Saturday Evening Post Cover, April 29, 1961
Amos Sewell was born in San Francisco and moved to New York where he attended the Arts Students League. One of his teachers was Harvey Dunn whom he emulated and who inspired him to become an illustrator. He did many covers for Country Gentleman and The Saturday Evening Post and is best known for painting everyday people doing everyday things.
One of his best-loved covers is “Visiting Hours,” where a father and son come to visit Mom in the hospital. Since the misses appears to be recovering nicely, their attention drifts to the baseball game on television. Notice the rabbit ears, the black and white television, and even more indicative of the era, the ashtray filled with used cigarettes.
Born in San Francisco, Amos Sewell was a ranking California tennis player in his 20s when he suffered several ignominious defeats at the hands of Donald Budge, who would go on to win titles at Wimbleton and the U.S. Open in the 1930s. Convinced he was, ahem, in the wrong racket, he quit the sport to take a position in a bank for several years. Evenings were spent studying art, and vacations consisted of trips up and down the Pacific Coast, sketching and etching. In 1931, in the middle of the Depression, he decided he was tired of banking and hopped on a lumber boat bound for New York, via the Panama Canal. Like many illustrators of the time, he got his first freelance illustration assignments from the pulp fiction world, doing inside magazine illustrations for Street & Smith Publications in New York. In 1936 he did his first major work for The Country Gentleman and began working for the Post on a regular basis the following year.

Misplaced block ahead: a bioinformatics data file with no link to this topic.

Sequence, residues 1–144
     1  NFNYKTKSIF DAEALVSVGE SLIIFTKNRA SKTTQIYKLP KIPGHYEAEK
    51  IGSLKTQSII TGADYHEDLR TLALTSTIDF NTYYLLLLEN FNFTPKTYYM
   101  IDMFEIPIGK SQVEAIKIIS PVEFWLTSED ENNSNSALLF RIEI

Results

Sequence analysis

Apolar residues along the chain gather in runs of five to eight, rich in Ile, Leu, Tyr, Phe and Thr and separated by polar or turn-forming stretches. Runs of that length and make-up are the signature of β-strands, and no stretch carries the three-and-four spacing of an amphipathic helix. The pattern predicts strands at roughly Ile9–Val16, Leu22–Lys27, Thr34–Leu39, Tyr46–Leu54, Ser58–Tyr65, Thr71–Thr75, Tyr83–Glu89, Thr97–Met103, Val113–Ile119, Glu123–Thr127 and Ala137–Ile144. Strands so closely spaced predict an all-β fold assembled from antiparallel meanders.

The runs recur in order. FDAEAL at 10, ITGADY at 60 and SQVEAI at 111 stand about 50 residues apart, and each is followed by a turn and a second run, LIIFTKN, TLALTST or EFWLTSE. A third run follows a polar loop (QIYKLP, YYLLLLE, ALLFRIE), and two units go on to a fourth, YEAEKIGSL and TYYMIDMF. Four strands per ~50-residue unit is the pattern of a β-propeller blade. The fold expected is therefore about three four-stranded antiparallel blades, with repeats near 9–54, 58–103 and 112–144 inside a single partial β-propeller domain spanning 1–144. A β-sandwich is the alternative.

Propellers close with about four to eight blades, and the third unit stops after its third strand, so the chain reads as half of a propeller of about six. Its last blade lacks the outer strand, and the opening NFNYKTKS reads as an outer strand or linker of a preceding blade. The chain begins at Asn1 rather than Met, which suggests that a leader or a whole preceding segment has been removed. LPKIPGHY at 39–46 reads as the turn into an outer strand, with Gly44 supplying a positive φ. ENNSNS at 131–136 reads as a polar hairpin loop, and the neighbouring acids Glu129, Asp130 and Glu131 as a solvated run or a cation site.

Exhibitions: Christie's New York, Illustrating America: Norman Rockwell and His Contemporaries, November 30, 2013- January, 2014
Norman Rockwell Museum Exhibition at South Dakota Art Museum, Brookings, South Dakota, May 5, 2015 - September 13, 2015